What do you mean by “knowing that both ways are legit”? Only one way is legit: when someone comes to you needing defence and willing to pay your fees, you defend them.
(I think the actual system is a little different: a lawyer isn’t expected to defend their client if they’re sure the client is guilty; in that case they would ask them to find another lawyer, or something. But that isn’t because those clients don’t deserve defending, it’s because they deserve defending better than someone who’s sure they’re guilty is likely to manage.)
It’s worth noting that what someone puts on a sign doesn’t necessarily indicate what they really care most about, especially if what’s on the sign is more socially acceptable than what they really care about. So I don’t think the findings here are inconsistent with what annacaffeina says. (They are probably, albeit not very strong, evidence against what she says, though. Only “probably” because it could be that the other sign-slogans—especially the more generically-political ones—are evidence about the sort of person waving the sign; maybe some of those slogans are more characteristic of wealthier people who want the service industry serving them again than of poorer service-industry employees who want to be at work again.)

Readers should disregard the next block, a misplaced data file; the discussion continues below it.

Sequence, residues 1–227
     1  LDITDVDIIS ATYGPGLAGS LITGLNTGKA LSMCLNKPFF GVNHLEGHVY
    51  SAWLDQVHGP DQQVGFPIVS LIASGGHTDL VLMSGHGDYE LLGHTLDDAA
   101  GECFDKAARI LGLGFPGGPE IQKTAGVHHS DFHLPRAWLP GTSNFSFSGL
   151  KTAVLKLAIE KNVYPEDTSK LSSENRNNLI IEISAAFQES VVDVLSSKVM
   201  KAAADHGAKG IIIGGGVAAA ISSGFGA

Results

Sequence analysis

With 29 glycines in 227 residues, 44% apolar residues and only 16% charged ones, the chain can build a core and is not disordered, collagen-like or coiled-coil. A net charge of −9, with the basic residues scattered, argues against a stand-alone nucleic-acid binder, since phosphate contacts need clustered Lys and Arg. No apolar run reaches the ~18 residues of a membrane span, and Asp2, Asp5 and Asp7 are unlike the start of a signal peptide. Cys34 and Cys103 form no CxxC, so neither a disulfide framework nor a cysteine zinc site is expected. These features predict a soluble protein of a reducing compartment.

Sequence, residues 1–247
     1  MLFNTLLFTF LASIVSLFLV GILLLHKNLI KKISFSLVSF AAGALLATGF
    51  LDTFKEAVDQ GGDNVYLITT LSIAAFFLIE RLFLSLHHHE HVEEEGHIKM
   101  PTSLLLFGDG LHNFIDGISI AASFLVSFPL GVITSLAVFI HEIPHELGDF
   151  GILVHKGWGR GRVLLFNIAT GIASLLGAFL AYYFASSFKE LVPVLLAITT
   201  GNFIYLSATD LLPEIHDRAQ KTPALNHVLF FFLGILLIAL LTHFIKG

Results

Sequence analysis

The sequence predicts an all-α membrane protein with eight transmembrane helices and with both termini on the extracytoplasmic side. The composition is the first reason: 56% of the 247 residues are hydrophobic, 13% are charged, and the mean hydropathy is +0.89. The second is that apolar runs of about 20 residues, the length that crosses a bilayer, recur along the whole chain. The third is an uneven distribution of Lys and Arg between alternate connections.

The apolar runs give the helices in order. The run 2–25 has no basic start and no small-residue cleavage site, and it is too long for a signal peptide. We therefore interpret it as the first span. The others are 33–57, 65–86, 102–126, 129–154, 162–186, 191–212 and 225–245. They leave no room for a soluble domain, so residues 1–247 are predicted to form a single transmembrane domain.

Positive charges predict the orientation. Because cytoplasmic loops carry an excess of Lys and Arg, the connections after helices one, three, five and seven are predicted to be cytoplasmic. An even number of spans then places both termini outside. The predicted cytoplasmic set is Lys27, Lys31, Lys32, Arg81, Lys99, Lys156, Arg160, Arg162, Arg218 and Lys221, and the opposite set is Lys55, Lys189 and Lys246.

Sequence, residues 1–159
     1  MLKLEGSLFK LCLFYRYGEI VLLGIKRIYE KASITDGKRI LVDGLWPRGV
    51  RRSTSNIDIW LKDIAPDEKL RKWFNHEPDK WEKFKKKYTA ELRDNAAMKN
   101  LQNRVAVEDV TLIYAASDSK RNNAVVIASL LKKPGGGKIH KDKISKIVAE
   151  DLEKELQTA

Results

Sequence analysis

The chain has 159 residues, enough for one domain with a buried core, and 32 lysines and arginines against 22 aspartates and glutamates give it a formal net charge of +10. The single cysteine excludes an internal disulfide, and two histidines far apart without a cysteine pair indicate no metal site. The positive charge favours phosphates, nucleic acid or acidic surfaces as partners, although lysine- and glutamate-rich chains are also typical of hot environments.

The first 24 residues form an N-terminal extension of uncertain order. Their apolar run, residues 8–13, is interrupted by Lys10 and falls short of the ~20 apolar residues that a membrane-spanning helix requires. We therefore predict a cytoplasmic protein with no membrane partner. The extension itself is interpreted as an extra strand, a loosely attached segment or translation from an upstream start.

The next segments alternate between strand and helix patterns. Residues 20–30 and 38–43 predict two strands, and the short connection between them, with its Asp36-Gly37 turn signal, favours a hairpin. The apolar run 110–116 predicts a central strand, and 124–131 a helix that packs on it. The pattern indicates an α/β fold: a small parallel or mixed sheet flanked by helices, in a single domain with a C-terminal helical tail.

Nature article giving some evidence for aerosol transmission. More specifically, what it gives evidence of is that in some circumstances you can find aerosolized SARS-CoV-2 where there are infected people, which doesn’t seem very surprising. It doesn’t say anything about how effectively that causes infection, or about the relative importance of this mode of transmission compared with others. It also has some discussion of the sizes of aerosol particles and how they got that way, and of what circumstances make it more likely for there to be non-negligible amounts of SARS-CoV-2 in the air.
The least obvious things there, to me: Toilets are pretty bad (lots of people, each there for a while, small space). In hospitals, one source of SARS-CoV-2 in the air (in smaller aerosol particles—do these stay around longer?) may be from PPE after it’s been taken off. In the public areas they looked at, only the most densely used ones had substantial amounts of SARS-CoV-2 in the air. [EDITED to add:] “Least obvious” does not mean “very not-obvious”; most of these are pretty unsurprising. I don’t know that I’d have guessed the thing about discarded PPE, though.
I think you mean occasional weirdly out-of-place fucking cuss words.
Oops! The perils of hand-transcribing URLs.